1. Maybe you don’t know. One of the biggest pitfalls people falter over when they start a new nutrition plan is called the “I know” syndrome.  Let’s say you’re teaching a beginner how to cook and they keep turning the heat up and burning their food.  They keep saying they’re not a good cook and you suggest that they turn down the heat.  What do they say? “I know. I know.” An obese woman needs to lose weight and her doctor tells her she needs to exercise more and eat less.  She says, “I know. I know.” Maybe they’ve heard this stuff before, but the truth is, they don’t really KNOW until they’ve done it successfully and then repeated it.  They might not even know something well enough until they’ve done it, repeated it and taught it to others. “I know. I know.” Can be a mental shortcut that enables us to shut off our brains, stop thinking about the application of information and to avoid action.  So if you’ve got room for improvement, maybe you don’t know – not yet anyway.  If you really knew, you’d be doing it.
  2. Match your behaviors and goals. Avoid the problem of not matching up your behaviors and goals. For example, a guy wants to lose 100 pounds.  He joins the gym and exercises 2 times per week.  He completely ignores proper eating habits.  His goals:  massive, life-changing weight loss.  His behaviors:  small, lifestyle change.  Early on we will be asking goals and setting behaviors to those goals that are reasonable.
  3. Understand that you’ll see peaks and valleys. You can’t go 90 miles an hour forever.  There should be more peaks than valleys, but those valleys will come. And if you accept them, it’s much easier to start back uphill.
  4. Start small and slow. Our world is a processed food world.  It’s tough to go back to real foods.  So plan to start small and slow… it’s the only way to go!
  5. Start basic, then individualize. Once you master the basics, it will be much easier to tweak and individualize to your lifestyle!
  6. If you have specific goals, measure them. Changing our bodies and our health can take some time.  And when we’re really pressuring ourselves to see these changes quickly, we can get impatient.  Taking some measurements will help when the mirror doesn’t cooperate.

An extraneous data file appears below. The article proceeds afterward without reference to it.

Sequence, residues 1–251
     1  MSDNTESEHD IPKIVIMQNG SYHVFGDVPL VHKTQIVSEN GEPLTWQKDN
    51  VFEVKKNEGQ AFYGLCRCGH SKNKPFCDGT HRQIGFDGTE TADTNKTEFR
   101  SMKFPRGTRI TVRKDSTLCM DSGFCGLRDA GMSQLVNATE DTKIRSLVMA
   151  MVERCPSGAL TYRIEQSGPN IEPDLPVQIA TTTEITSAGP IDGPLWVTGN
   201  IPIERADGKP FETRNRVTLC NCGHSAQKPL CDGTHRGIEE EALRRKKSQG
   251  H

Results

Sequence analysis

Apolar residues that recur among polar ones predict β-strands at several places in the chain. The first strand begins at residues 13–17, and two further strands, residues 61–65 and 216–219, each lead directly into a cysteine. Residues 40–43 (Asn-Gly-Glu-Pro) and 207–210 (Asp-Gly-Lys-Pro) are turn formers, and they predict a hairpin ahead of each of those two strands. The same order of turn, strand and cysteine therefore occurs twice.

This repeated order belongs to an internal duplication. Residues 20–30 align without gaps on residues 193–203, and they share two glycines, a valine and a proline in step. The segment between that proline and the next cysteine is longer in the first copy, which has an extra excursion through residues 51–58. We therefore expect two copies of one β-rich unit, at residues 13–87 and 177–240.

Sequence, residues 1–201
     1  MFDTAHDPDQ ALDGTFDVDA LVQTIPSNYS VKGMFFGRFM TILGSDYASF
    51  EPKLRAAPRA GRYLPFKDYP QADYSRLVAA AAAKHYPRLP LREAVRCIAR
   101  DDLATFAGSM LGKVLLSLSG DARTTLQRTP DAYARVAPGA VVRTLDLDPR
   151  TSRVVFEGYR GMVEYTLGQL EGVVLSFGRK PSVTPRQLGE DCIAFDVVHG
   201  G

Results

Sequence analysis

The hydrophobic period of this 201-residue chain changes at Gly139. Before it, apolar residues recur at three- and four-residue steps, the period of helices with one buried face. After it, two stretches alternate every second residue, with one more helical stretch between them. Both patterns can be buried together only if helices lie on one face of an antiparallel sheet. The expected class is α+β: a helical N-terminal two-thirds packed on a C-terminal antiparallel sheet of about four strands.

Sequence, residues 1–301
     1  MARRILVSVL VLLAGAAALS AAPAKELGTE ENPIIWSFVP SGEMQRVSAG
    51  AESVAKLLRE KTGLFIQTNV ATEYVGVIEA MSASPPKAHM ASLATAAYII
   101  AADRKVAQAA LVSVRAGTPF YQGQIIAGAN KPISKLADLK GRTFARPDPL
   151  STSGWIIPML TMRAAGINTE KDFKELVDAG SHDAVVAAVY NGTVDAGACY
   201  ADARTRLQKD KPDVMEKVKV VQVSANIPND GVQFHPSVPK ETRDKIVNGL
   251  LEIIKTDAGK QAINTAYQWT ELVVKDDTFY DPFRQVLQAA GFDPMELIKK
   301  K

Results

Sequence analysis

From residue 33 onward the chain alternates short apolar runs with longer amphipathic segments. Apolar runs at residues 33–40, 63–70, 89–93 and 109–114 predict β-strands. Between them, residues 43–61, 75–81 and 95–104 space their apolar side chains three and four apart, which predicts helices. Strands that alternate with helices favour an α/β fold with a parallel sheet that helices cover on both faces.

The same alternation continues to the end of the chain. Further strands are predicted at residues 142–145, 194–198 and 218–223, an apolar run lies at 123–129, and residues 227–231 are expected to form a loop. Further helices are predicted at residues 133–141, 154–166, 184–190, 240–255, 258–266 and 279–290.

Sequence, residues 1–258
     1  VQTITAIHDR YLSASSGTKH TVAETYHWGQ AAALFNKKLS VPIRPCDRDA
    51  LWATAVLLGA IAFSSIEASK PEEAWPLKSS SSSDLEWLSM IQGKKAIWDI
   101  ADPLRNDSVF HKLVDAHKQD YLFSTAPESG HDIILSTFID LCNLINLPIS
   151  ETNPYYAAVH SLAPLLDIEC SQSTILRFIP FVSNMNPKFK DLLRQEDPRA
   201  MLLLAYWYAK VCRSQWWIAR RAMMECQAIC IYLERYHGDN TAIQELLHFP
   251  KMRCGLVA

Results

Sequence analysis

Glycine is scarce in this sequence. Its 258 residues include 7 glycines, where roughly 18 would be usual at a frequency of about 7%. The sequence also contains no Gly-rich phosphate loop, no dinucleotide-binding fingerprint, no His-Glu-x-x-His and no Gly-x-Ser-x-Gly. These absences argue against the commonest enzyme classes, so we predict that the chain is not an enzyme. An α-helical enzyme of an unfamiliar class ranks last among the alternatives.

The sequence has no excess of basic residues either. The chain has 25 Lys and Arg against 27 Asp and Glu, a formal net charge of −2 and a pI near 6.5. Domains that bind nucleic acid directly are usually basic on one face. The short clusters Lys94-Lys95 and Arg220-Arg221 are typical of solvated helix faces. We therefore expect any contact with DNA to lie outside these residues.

7. Measurement and expectations. Early on you’ll see a good progress over a reasonable amount of time. You may even see weekly progress. However, weekly progress doesn’t go on indefinitely.  We will help you to understand what is reasonable and when you should get your butt moving.
  8. The numbers paradox. Here’s the paradox to it all!  Numbers aren’t everything.  Don’t live and die by the numbers – that’s a mistake. People too often judge their happiness based on their numbers. They’re happy if they lose a pound on the scale in a given day or week, and they’re sad if they don’t.  Remember that this isn’t just a numbers game. You’re also doing this to improve your health, longevity, performance, energy level and a number of other variables. And keep in mind that sometimes the numbers lie.  Have too much sodium and gain a pound.  Dehydrate yourself and lose a pound.  Just remember, it’s only a number.
  9. Reasonable progress. We want to see reasonable progress, but don’t get greedy. Everyday, we as trainers, have clients come up to us having lost 4 pounds in a month and ask why they can’t lose weight.  This is amazing – what were they expecting?  Biggest Loser results?  Sometimes you have to do the math.  Lose 4 pounds a month and in 1 year you will have lost 48 pounds.  Four pounds a month is the equivalent of leaving 10 bites of food on your plate A DAY and making no other changes.
  10. Maintain your rate of progress. I hate to be the bearer of bad news, but if you see results quickly out of the starting gates, remember that it will be hard to maintain indefinitely. As your body gets leaner, it gets harder to lose weight.  We will work with you to outsmart your body’s adaptation process!